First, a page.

Battle of İnceğiz

The Battle of İnceğiz was fought sometime in late 1411 or early 1412 near Constantinople between the rival sons of the Ottoman Sultan Bayezid I, Mehmed Çelebi and Musa Çelebi, during the final stages of the civil war known as the Ottoman Interregnum.

BackgroundEdit

Musa had become the ruler of the Ottomans' European domains after overthrowing and killing his brother Süleyman Çelebi in 1410–11.[1] Unlike Süleyman, Musa, who relied greatly on the akinji raiders, followed a policy extremely hostile to his Christian neighbours. The attacks against both the Byzantine Empire and Serbia, that had stopped after the Treaty of Gallipoli in 1403, resumed: in Serbia, Musa besieged Smederovo, while against Byzantium he attacked Thessalonica and Selymbria, and placed Constantinople under blockade in August 1411.[2]

Mehmed's alliance with Byzantium and the battleEdit

As a result, the Byzantine emperor Manuel II Palaiologos turned to Musa's brother, Mehmed Çelebi, who had established his rule over the Ottoman territories in Anatolia. The anonymous Ottoman chronicle Aḥvāl-i Sulṭān Meḥemmed ("Affairs of Sultan Mehmed"), the Byzantine historian Doukas, and the Serbian historian Konstantin the Philosopher all report that Manuel sent envoys to Mehmed, offering an alliance against Musa, on the same terms as the previous arrangement with Süleyman. The two rulers met at Scutari and swore that if they won, Mehmed would maintain friendly relations with the Byzantines; if they lost, he would be allowed refuge in Constantinople.[3]

The exact site of İnceğiz and the date of the battle are unknown: it may have been fought either in autumn of 1411 or in spring of 1412.[4] The Aḥvāl reports that the van of Mehmed's army comprised Tatars and Turcomans from the Rum Eyalet, the "army of Ankara", and the forces of the Turcoman leader Yapaoğlu. According to Doukas, a few Byzantine troops also fought under Mehmed.[4] Musa on the other hand disposed of 7,000 kapıkulu, who played a decisive role in the battle. Mehmed's forces prevailed at the start of the battle, but then the kapıkulu managed to advance up to Mehmed and even wound his horse. The defeated Mehmed was forced to retreat to Constantinople, and thence cross again over to Anatolia.[4]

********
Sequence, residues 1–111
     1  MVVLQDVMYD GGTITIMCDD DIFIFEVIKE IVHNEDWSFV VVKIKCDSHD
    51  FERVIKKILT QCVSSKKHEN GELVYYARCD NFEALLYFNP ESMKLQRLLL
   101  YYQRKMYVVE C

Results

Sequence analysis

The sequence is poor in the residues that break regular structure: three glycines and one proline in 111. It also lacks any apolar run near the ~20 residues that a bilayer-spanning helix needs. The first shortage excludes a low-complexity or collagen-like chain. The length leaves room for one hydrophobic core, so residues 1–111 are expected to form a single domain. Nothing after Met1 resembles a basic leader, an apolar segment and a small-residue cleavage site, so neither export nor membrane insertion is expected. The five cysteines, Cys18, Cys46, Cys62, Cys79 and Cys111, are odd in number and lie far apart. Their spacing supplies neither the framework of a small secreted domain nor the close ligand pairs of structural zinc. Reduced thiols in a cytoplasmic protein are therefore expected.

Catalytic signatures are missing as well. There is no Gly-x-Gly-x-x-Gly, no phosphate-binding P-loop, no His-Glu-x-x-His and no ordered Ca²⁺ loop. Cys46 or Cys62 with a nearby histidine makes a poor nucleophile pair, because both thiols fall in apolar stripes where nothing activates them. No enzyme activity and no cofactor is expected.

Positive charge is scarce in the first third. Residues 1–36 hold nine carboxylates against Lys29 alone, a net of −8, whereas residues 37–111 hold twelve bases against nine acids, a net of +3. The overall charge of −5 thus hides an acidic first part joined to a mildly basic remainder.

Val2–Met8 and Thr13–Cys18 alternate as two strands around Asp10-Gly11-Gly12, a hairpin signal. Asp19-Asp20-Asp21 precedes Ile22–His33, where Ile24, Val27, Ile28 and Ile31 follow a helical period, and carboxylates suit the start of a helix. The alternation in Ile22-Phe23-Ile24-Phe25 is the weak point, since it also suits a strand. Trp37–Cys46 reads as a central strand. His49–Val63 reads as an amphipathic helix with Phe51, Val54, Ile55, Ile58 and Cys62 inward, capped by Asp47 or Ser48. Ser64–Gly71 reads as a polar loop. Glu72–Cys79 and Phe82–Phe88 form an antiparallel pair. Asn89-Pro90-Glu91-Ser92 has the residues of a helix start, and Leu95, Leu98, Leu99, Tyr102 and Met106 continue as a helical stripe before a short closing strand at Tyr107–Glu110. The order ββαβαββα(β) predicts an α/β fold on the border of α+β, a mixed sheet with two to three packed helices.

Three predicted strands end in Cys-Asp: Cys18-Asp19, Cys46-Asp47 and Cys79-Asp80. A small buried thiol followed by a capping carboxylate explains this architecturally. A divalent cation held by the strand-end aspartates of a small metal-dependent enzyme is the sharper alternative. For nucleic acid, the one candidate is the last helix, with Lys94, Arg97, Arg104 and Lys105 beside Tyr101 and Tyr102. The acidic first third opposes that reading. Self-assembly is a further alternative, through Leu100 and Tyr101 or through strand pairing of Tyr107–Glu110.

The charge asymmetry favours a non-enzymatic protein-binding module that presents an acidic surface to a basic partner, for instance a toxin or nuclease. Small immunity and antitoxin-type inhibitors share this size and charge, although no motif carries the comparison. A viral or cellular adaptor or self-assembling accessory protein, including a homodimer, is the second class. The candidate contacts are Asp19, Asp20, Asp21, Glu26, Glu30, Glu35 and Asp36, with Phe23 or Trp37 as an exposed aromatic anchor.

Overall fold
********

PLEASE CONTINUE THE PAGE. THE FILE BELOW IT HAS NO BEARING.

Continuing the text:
ReferencesEdit

  1. ^ Kastritsis 2007, pp. 135–158.
  2. ^ Kastritsis 2007, pp. 161–169.
  3. ^ Kastritsis 2007, p. 179.
  4. ^ a b c Kastritsis 2007, pp. 179–180.

SourcesEdit

  • Kastritsis, Dimitris (2007). The Sons of Bayezid: Empire Building and Representation in the Ottoman Civil War of 1402-13. BRILL. ISBN 978-90-04-15836-8.CS1 maint: ref=harv (link)
  • Magoulias, Harry, ed. (1975). Decline and Fall of Byzantium to the Ottoman Turks, by Doukas. An Annotated Translation of "Historia Turco-Byzantina" by Harry J. Magoulias, Wayne State University. Detroit: Wayne State University Press. ISBN 0-8143-1540-2.CS1 maint: ref=harv (link)